Chinese e-commerce giant Alibaba announced on March 28 that it will split into six units, as news emerged that its co-founder Chinese billionaire Jack Ma has returned to China per the communist party’s request, after spending more than a year overseas.
China observers believe this shows that Beijing’s policy toward privately-owned large Chinese tech companies has not fundamentally changed.
On March 27, the South China Morning Post, a newspaper owned by Alibaba, confirmed Jack Ma’s return to China. It reported that Ma visited Yungu School in Hangzhou City of Zhejiang Province on that day. The school was set up in 2017 by Ma and other founders of Alibaba.
On March 28, Zhang Yong, chairman and CEO of Alibaba, announced the “1+6+N” organizational restructuring plan of the company—the biggest revamp in 24 years, which breaks up Ma’s empire into six business groups and numerous companies.
Each unit will have its own board of directors and CEO; and the Alibaba Group will fully implement holding company management.
Clamp Down on Tech Industry, Private Sectors
The Chinese communist regime began clamping down on the tech industry in late 2020.
A speech by Jack Ma in early 2020 critical of the Chinese regime’s regulatory system has been widely seen as what triggered Beijing’s increased scrutiny of Alibaba, which led to Ma’s eventual withdrawal from public events. At the end of 2021, Ma left mainland China and made appearances in Japan, Spain, Australia, and Thailand.
In the past few years, due to central government suppression of China’s private sector across many industries under the policy of “the state enterprises advancing, the private sectors retreating,” it has become increasingly difficult for private enterprises to survive.
While Ma was away, he was stripped of control of many of his companies, and lost influence and wealth. In early January, Ma successively gave up control of Ant Group, Hang Seng Electronics, and others companies. Ma’s staying abroad is also seen as a protest against the treatment of Chinese entrepreneurs by the ruling Chinese Communist Party (CCP).
Attempts to Boost Confidence in Chinese Economy
China’s economy has declined sharply in the past three years under the regime’s draconian “zero-COVID” policy and control measures.
Recently, CCP head Xi Jinping changed tone and repeatedly emphasized his support for private enterprise, saying that he “always treats private enterprises as his own people.” The regime’s new Premier Li Qiang also claimed that the CCP will treat all enterprises equally.
A number of international media outlets reported that the CCP authorities have pressured Ma to return to China, hoping to reverse the outside world’s perception of the deterioration of China’s business environment. Ma was reportedly reluctant to go back to China initially.
After Ma’s return was confirmed, Alibaba’s shares surged 12 percent on the Hong Kong stock exchange on Wednesday, leading technology stocks in the Asia-Pacific region. Its American depositary receipts rose more than 14 percent on Tuesday.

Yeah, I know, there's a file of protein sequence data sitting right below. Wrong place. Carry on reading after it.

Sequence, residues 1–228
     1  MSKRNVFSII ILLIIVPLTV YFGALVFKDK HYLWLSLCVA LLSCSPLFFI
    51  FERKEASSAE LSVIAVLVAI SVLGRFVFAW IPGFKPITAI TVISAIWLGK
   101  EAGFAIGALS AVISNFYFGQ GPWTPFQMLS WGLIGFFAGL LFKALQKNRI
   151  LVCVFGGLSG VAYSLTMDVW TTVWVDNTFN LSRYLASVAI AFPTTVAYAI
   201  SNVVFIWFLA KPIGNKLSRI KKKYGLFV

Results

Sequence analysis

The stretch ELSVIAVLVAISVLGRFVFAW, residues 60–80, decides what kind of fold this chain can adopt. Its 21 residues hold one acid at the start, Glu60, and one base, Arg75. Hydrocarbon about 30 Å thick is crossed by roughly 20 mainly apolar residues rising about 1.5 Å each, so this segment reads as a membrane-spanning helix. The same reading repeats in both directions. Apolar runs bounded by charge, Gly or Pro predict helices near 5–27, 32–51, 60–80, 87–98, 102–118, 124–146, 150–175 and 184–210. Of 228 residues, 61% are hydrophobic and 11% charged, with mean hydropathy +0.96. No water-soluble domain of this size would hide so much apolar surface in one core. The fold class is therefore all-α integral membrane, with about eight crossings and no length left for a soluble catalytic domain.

Brock Silvers, chief investment officer for Kaiyuan Capital, told CNN on March 29, “It appears that Alibaba’s break-up has been orchestrated by Beijing.”
“This idea is reinforced by Jack Ma’s sudden reappearance, which now seems like a planned media event, intended to boost market sentiment at a critical moment,” he said.
The latest move shows that Chinese regulators still intend to reduce the privately owned tech giants’ influence and limit their power, even as Beijing, on the other hand, is urging private companies to do their part to create jobs and boost China’s economy.
Qiu Wanjun, a professor of finance at Northeastern University in Boston, told The Epoch Times on March 29 that Ma’s return to China is likely because he has reached some tacit understanding with the CCP top circle or he has received some promises from them.
“The CCP may find that China’s economic future would be even worse without Alibaba’s push. In the past few years, the CCP has promoted the advancement of the state and the retreat of the private sector, but the contribution of state-owned enterprises to economic development is far less than that of private enterprises. So now, the regime turns to private enterprises for help.”
Hua Chia-Cheng, director of Research Division II of the Taiwan Economic Research Institute, also agreed that Ma has likely negotiated certain terms with the CCP authorities for his return to China.
But Hua is not optimistic for China’s economy. He told The Epoch Times on March 29 that the authorities may want to use Ma as a model for private enterprise owners to support China’s economic development, but private enterprise owners may not agree with and follow them in their hearts.
Northeastern University’s Qiu said that the CCP’s current high-profile promotion of its support to private enterprises may temporarily relieve some pressure for private entrepreneurs. But in the long run, it is not a real solution to the problems facing the Chinese economy.
“For business operators, they actually care about whether the business environment is stable and can protect their property rights, and whether the market is stable.”
“A long-term solution to the problem lies in establishing a reasonable and legal system, and implementing it in accordance with the law and procedural justice; it is not an artificially created campaign to temporarily boost the confidence of entrepreneurs,” he said.
Ning Haizhong, Luo Ya, and Reuters contributed to this report.